Well, it happened. I posted back in July that I was playing Final Fantasy XIV more now than World of Warcraft…and in October, I finally decided to unsubscribe from WoW. I’ll be back to finish up some RP things once Blood Elves finally get new models, but until then, I won’t be paying for a game I’m not playing.
It’s a wonderful change of pace, but to fully explain why, I need to go and explain the main thing that pushed me to quit.
Surrounded by Somebodies
In the WoW fandom, I was very active on Twitter. I was and still am friends with people there- some people who do things like run blogs, or manage fansites. I always struggled to find my place in the fandom. I was too timid to enter what was the final writing contest. I wrote fanfiction and roleplayed. I was not and probably never will be a popular blogger, and I never quite found my niche. Others had transmog, pet battles, theorycrafting…there was no longer a place for people like me who liked to write.
That was how it felt, anyway. My blog posts were never popular, and I struggled to find my place among big names and big blogs.
And then the devs joined in.
Now, having developers seemingly accessible might be a good thing to a point, but it became, to me, a point that they were right there and yet still so far away. I could ask them questions and occasionally get answers. When the fanfiction forum opened, I had a small glimmer of hope that this was it. I would post my stories, and someone might see them. Call it foolish, and it probably was, but something like that gave me a shred of hope that someone at Blizzard might read my stories. That maybe they might say “hey, this is really good” or something.
It was a dream. A silly one, sure, but it was mine.
The problem was that I was one or two degrees of separation from well-known fans and the devs themselves. When the Warlords of Draenor beta came around, tribute items and NPCs were added. People were recognized for their efforts…and that, I feel, is the problem. It was almost a goal in the fandom to have an item or an NPC in the game. People will tell you that it isn’t- but I’ve seen what happened when those NPCs were added and then the upset when they were accidentally removed.
But this time, it wasn’t just the people that toiled on blogs getting in-game nods. Some people, one who had written novels about the game, were left out, and others were included…others who were seen as popular “big name” fans.
How are we to reconcile who gets added with who we feel is deserving? I struggled with that, myself, and with the feeling that I would never be significant enough to warrant a nod. The devs and their attentions were right there, and yet almost ungraspable.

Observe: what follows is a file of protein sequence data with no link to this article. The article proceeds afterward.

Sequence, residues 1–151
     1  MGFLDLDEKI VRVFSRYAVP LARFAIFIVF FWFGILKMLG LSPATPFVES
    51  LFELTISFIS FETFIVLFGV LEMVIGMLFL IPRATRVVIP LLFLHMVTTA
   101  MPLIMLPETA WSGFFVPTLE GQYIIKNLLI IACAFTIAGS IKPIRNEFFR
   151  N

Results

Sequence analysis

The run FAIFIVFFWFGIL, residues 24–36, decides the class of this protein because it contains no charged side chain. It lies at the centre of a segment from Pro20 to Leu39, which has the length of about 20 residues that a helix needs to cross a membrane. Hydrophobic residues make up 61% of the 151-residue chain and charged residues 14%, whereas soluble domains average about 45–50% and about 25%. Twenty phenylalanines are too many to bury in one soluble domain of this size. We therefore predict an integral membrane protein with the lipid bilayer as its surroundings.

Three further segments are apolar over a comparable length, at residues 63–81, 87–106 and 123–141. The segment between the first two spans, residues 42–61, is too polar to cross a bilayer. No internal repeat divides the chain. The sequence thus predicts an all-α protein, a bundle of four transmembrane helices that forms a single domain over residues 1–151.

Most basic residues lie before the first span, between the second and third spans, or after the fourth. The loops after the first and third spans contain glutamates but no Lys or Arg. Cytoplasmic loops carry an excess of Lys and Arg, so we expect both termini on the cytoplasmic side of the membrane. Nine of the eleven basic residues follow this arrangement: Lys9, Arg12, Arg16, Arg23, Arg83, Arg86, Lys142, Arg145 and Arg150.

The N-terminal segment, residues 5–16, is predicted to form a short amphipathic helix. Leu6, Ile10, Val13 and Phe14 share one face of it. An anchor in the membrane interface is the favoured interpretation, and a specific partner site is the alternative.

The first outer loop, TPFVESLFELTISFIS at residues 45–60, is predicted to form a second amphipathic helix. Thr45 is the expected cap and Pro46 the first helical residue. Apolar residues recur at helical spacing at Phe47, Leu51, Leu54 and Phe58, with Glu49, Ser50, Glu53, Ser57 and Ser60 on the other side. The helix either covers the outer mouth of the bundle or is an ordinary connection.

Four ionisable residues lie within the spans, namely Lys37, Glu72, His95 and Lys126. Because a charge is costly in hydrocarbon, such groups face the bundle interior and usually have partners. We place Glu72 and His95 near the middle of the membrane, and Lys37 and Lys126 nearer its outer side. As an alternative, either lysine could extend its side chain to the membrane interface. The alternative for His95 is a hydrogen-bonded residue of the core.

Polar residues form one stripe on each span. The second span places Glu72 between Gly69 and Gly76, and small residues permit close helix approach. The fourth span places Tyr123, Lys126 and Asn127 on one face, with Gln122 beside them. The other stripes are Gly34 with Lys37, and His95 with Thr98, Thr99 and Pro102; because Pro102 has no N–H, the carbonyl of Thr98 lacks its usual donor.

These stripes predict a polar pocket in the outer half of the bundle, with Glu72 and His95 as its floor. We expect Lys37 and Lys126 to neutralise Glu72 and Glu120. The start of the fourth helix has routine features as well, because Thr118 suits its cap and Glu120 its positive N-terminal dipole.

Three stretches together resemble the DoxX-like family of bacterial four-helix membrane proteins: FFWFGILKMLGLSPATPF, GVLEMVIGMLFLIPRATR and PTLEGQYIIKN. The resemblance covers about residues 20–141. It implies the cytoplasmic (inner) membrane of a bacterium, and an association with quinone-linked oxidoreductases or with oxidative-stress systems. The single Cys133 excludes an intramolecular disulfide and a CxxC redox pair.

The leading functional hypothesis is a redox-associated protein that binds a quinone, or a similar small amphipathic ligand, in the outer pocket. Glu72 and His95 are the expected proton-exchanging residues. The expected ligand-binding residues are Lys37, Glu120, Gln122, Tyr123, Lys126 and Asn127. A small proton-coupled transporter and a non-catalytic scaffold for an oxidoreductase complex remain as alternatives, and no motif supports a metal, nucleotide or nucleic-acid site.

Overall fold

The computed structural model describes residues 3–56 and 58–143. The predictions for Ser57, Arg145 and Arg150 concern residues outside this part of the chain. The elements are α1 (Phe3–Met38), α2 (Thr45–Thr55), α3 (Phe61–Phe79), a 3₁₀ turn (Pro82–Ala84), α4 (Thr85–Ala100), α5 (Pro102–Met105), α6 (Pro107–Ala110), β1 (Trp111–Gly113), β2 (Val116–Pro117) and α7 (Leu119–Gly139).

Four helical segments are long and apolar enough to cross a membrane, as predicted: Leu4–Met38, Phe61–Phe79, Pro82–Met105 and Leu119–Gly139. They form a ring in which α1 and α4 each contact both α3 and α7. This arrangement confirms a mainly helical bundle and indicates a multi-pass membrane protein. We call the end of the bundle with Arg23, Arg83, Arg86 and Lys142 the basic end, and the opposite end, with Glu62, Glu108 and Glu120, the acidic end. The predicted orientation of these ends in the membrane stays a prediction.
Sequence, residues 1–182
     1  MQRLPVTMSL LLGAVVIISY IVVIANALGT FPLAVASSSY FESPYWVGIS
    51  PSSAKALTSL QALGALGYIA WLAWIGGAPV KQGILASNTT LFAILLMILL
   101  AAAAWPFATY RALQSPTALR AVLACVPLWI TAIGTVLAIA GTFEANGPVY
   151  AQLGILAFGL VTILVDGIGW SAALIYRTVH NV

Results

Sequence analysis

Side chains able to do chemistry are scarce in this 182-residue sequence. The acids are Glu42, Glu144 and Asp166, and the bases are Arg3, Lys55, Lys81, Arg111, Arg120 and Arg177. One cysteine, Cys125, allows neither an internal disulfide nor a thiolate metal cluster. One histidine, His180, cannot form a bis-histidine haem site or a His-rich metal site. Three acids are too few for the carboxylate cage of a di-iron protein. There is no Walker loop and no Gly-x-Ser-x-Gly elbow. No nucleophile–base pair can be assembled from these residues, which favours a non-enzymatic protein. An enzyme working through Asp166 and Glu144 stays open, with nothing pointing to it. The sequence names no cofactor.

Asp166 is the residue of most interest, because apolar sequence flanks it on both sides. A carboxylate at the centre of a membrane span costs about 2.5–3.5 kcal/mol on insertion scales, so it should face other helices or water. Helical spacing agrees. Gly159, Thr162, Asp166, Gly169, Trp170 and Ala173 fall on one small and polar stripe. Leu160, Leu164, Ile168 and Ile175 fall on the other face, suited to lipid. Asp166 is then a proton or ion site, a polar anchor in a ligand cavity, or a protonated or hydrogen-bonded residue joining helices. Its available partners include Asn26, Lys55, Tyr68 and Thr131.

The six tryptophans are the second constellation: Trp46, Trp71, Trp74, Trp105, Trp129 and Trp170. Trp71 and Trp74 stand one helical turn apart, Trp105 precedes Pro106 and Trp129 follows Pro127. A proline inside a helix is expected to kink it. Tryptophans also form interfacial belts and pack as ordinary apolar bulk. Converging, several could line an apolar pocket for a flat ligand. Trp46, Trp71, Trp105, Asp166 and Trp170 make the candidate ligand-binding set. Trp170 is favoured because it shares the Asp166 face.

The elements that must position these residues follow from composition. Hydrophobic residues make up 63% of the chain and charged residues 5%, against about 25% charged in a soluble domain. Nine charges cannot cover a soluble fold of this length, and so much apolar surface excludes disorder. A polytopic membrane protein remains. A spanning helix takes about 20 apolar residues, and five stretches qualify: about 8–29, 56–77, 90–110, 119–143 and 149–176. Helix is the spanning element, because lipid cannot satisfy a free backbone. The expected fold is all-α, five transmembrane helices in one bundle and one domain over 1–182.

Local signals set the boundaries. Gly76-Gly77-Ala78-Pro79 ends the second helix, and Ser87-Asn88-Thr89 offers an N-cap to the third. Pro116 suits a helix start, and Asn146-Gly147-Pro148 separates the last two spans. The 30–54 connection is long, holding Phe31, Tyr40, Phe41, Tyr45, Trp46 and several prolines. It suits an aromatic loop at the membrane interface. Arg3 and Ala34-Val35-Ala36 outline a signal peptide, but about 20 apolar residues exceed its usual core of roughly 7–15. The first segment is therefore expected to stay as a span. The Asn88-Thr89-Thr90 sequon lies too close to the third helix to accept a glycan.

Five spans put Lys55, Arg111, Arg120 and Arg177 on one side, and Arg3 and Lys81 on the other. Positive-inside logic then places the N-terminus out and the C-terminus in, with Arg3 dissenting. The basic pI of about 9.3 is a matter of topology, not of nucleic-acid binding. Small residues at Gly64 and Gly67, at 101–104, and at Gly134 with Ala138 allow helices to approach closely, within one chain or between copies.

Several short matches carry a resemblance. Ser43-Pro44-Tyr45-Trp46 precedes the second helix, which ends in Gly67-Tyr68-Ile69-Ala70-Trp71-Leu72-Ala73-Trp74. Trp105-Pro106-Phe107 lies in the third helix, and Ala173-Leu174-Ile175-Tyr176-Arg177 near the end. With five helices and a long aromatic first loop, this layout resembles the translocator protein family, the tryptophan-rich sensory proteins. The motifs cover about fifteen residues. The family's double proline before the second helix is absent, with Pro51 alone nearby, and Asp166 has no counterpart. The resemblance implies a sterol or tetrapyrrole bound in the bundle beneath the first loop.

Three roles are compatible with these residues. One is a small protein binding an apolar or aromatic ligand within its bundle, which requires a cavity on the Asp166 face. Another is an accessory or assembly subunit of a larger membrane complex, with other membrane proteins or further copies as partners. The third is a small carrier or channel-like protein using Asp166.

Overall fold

In the end, it was the feeling that no matter how hard I worked on my writing, that my form of interacting with the fandom was invisible and unimportant that caused me to drift away. There was no support for RPers in-game aside from designated servers. There was a fanfiction forum that I posted to where my stories about NPCs were lost among the original character tales.
And that was how I felt. Overlooked, and like I didn’t matter. I didn’t do things the “right” way, ergo I would always be two steps away from someone with an item or NPC in-game.
I hated that feeling.
Here is the thing about Final Fantasy: I will always be a nobody. I don’t deny that. I find comfort in it. The developers are over in Japan. I cannot expect to be known by them, nor is there the illusion of accessibility.
In that, I find comfort. I can go back to being me. I don’t feel what was certainly petty jealousy when someone was recognized in-game. I’m just me. I chat with people on Tumblr and Twitter, and I RP on my server. That’s all there is. There’s no vying for tributes by this fandom, no expectations or hopes that maybe if you stand out enough, work hard enough, that you’ll be recognized.
I’m not the only one, I know. Sometimes this same thing gets mentioned on Twitter, and I think it’s something that should be explored. What is the “right” way to run a fandom? How should companies and developers interact with their fanbase? Should the attention be widespread? Should it be reserved only for the top 1% of raiders/PvPers? Should it be given to friends of the developers?
I don’t have the answers, and I wish I did. I feel that the ultimate goal of any social media presence is to interact but also guide the fandom. Interaction is a subtle but strong way to turn the fandom into what you want it to be.
I don’t think the current model works for the WoW fandom. I wish it did. But I know that there are those like me who have left it and feel almost free from the vying for tributes, for developer attention.
I feel that this is a problem, but one that no one really wants to talk about. But it’s certainly the reason that, now that I’m free from that jealousy, from the crushing hope that one day I might, too, be noticed, I feel like I am finally able to enjoy a game.
It’s not the same for everyone, and I don’t expect everyone to like this, but it’s honesty. Brutal, ugly honesty. And I think this is something that the Warcraft fandom could benefit from thinking about.